DOI: 10.1161/circ.148.suppl_1.15691 ISSN: 0009-7322

Abstract 15691: Permanent Pacemaker Implantation After Aortic Valve Surgery for Infective Endocarditis Was Associated With an Increased Risk of Heart Failure

Lisa O Bearpark, Michael Dismorr, Anders Franco-Cereceda, Ulrik Sartipy, Natalie Glaser
  • Physiology (medical)
  • Cardiology and Cardiovascular Medicine

Background Surgery for infective endocarditis (IE) is associated with a high risk of receiving a new permanent pacemaker. The clinical impact of permanent pacemaker implantation in these patients is unknown. Research question Does permanent pacemaker implantation after aortic valve surgery for IE affect long-term clinical outcomes? Aims To analyze the risk of mortality, heart failure hospitalization, and prosthetic valve endocarditis in patients who received a permanent pacemaker within 30 days of aortic valve surgery for IE.

Methods: In this nationwide, population-based, observational cohort study based on the SWEDEHEART register, we included all patients who underwent primary aortic valve replacement for IE in Sweden from 1997 to 2022. Patients with a preoperative cardiac implantable electronic device were excluded. The primary outcome was all-cause mortality. Secondary outcomes were heart failure hospitalization and prosthetic valve endocarditis. Follow-up was complete. Inverse probability of treatment weighting was used to account for intergroup differences and flexible parametric models were used to estimate cause-specific hazards and cumulative incidences.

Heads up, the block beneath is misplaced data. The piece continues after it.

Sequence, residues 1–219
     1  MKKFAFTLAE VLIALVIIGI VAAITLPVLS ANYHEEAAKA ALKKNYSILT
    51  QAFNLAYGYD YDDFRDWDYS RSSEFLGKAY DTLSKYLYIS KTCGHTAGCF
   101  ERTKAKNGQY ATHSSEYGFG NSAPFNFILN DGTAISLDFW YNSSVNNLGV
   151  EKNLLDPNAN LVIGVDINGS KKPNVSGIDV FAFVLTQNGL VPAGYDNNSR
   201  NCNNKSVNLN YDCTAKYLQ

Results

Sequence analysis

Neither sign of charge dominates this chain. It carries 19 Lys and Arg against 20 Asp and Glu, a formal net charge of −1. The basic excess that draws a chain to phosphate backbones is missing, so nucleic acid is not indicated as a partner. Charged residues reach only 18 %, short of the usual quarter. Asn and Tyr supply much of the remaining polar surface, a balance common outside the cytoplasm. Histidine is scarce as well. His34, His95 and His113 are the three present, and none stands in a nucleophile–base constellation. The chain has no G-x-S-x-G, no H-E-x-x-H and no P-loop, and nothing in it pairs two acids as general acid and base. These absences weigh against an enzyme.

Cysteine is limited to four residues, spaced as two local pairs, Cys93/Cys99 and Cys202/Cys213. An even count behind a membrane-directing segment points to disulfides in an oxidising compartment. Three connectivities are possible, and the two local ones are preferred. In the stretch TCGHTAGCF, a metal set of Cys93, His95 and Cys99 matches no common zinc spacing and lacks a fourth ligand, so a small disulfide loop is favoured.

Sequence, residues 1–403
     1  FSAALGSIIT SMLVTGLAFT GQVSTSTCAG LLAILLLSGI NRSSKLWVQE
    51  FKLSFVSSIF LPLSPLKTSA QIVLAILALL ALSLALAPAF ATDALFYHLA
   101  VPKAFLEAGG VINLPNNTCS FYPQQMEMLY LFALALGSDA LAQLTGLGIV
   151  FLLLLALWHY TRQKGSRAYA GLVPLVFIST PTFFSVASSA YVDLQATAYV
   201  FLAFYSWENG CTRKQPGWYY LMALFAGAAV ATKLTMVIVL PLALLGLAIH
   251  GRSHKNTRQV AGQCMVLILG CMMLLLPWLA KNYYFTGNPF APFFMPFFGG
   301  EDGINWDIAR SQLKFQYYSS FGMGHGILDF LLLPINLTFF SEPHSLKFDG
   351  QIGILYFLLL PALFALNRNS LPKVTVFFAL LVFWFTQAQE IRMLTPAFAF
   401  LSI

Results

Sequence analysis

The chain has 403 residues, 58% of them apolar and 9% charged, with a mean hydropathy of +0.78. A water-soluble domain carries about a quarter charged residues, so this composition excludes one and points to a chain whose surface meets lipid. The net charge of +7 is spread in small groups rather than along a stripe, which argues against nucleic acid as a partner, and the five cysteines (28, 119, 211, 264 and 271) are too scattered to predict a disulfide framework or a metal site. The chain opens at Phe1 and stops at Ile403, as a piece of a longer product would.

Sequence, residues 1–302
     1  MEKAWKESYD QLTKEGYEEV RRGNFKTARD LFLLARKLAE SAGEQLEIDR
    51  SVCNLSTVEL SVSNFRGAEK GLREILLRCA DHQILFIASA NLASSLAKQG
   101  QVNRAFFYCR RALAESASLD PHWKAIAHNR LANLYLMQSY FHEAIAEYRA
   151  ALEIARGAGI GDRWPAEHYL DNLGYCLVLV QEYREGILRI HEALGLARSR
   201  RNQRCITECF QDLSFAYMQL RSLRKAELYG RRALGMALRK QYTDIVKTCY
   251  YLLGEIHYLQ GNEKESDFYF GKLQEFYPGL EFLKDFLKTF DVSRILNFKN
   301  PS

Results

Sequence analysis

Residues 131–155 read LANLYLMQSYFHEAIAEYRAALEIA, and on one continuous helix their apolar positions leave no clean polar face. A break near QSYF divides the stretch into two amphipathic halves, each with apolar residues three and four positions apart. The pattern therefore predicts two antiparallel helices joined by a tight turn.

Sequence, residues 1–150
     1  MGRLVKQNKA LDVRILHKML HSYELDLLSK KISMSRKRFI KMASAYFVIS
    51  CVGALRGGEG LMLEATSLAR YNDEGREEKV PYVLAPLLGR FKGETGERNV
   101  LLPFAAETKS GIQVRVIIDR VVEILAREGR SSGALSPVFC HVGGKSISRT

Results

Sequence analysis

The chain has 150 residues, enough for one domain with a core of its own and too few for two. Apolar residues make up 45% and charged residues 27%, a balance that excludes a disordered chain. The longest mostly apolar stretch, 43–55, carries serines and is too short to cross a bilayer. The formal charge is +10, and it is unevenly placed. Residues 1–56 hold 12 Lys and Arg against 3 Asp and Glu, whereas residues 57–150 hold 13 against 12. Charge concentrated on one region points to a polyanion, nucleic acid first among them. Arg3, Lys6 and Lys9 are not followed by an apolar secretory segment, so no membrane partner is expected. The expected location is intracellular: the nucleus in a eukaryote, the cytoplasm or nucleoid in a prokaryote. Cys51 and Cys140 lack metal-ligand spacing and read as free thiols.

Results: Among 2110 patients, 131 patients (6%) received a new permanent pacemaker, and 1979 patients (94%) did not. The mean age was 59 years, and 433 patients (21%) were female. During a mean follow-up time of 8.5 years (maximum 26 years), 873 patients (41%) died. The cumulative incidence of all-cause mortality and heart failure hospitalization at 20 years was 66% (95% CI 46%-79%) versus 61% (95% CI 58%-64%) and 45% (95% CI 33%-58%) versus 32% (95% CI 29%-34%) in the pacemaker versus the non-pacemaker group, respectively. After adjustment, there was no difference in the risk of mortality (HR 1.14, 95% CI: 0.82-1.59) or reinfection (HR 1.00, 95% CI 0.63-1.59), but the risk of heart failure was increased in the pacemaker group (HR 1.67, 95% CI: 1.11-2.52).

Conclusion Permanent pacemaker implantation after aortic valve surgery for IE was associated with an increased risk of heart failure, but there was no difference in the risk of long-term mortality or prosthetic valve endocarditis. These results suggest that patients who receive a pacemaker after surgery for IE warrant careful observation.

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